Immediately loaded non-submerged versus delayed loaded submerged dental implants: A meta-analysis

Abstract

The purpose of the present meta-analysis was to test the null hypothesis of no difference in the implant failure rate, postoperative infection, and marginal bone loss for patients being rehabilitated with immediately loaded non-submerged dental implants or delayed loaded submerged implants, against the alternative hypothesis of a difference. An electronic search without time or language restrictions was undertaken in March 2014. Eligibility criteria included clinical human studies, either randomized or not. The search strategy resulted in 28 publications. The inverse variance method was used for a random- or fixed-effects model, depending on the heterogeneity. The estimates of an intervention were expressed as the risk ratio (RR) and mean difference (MD) in millimetres. Twenty-three studies were judged to be at high risk of bias, one at moderate risk of bias, and four studies were considered at low risk of bias. The difference between procedures (submerged vs. non-submerged implants) significantly affected the implant failure rate ( P = 0.02), with a RR of 1.78 (95% confidence interval (CI) 1.12–2.83). There was no apparent significant effect of non-submerged dental implants on the occurrence of postoperative infection ( P = 0.29; RR 2.13, CI 0.52–8.65) or on marginal bone loss ( P = 0.77; MD −0.03, 95% CI −0.23 to 0.17).

Introduction

Historically, the original Brånemark protocol for placing dental implants prescribed a two-stage surgery with a submerged healing period of at least 3 months in the mandible and 6 months in the maxilla, allowing the implant to osseointegrate without being exposed to external forces. After bone healing, a second surgery is performed to connect a healing abutment. One of the main reasons for implant insertion in the two-stage procedure was to minimize the risk of infection, since the peri-implant tissue is allowed to heal separate from the oral microbial environment. Extended treatment times, the requirement for two surgical interventions, and the need for interim prostheses during healing are disadvantages of conventional implant treatment.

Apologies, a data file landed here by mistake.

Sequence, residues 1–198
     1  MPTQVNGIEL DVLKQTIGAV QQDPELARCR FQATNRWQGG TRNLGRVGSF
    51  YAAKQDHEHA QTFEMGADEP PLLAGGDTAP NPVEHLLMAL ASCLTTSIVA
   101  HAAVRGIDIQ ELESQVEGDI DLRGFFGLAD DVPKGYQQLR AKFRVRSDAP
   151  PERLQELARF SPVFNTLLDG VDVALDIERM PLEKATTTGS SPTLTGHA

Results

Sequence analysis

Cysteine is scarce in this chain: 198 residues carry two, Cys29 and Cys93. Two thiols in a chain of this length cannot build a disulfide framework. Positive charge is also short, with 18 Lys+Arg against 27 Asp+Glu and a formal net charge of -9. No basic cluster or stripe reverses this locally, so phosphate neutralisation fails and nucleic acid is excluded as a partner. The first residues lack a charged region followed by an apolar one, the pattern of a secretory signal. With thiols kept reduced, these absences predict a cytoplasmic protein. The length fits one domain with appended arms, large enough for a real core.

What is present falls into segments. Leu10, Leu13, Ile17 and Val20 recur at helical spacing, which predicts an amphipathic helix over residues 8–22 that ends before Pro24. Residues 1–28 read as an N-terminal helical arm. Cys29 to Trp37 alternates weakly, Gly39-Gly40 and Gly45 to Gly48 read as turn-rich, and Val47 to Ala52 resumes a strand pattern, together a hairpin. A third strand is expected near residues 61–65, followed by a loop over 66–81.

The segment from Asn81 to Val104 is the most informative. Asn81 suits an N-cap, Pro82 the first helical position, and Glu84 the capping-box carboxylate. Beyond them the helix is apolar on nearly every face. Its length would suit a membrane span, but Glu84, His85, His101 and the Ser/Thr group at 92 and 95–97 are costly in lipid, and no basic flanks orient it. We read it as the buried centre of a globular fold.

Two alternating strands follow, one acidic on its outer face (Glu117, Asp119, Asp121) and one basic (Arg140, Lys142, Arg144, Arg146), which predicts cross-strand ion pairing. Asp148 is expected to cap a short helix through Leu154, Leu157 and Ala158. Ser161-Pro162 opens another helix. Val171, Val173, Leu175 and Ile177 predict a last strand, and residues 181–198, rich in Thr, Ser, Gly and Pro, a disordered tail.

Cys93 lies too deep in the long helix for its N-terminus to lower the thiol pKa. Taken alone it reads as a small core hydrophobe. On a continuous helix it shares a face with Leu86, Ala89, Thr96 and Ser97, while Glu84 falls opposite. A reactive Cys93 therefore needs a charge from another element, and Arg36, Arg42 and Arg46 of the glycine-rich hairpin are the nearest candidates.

Over time, the concepts of implant placement in fresh extraction sockets, immediate loading, and non-submerged implants were introduced, focusing on shorter and less invasive procedures. To reduce the treatment time and offer the patient early function and aesthetics, it is necessary to use a one-stage surgical procedure and to load the implants as soon as possible. In the one-stage surgical approach (non-submerged implant), the coronal part of the implant is positioned above the gingiva level in the case of single-part implants, or transmucosal healing abutments are placed in the case of two-part implants. In the one-stage surgical approach, the implant can be loaded immediately or not. The encouraging early experiences of immediate loading in the mandible and the development of new implant designs and surfaces have inspired researchers to further explore applications of immediate loading.

Inserting implants in one stage has several advantages. Only one surgical intervention is required, which is convenient for the patient, especially for the medically compromised patient. In addition, there is a considerable cost-benefit advantage. The prosthetic phase can start earlier because there is no wound-healing period related to a second surgical procedure. Furthermore, the implants are accessible for clinical monitoring during the osseointegration period. It allows for a healed peri-implant mucosa at the time of prosthetic rehabilitation. Although immediate loading of implants shortens the treatment duration and also provides patients with an acceptable aesthetic appearance, there is concern that immediate loading may increase the risk of implant failure.

The aim of this meta-analysis was to compare the survival rate, postoperative complications, and marginal bone loss of non-submerged immediately loaded dental implants with those of submerged delayed loaded implants. The present study presents a more detailed and in-depth analysis of the influence of the submerged and non-submerged approaches on implant failure rates previously assessed in a published systematic review.

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Jan 17, 2018 | Posted by in Oral and Maxillofacial Surgery | Comments Off on Immediately loaded non-submerged versus delayed loaded submerged dental implants: A meta-analysis
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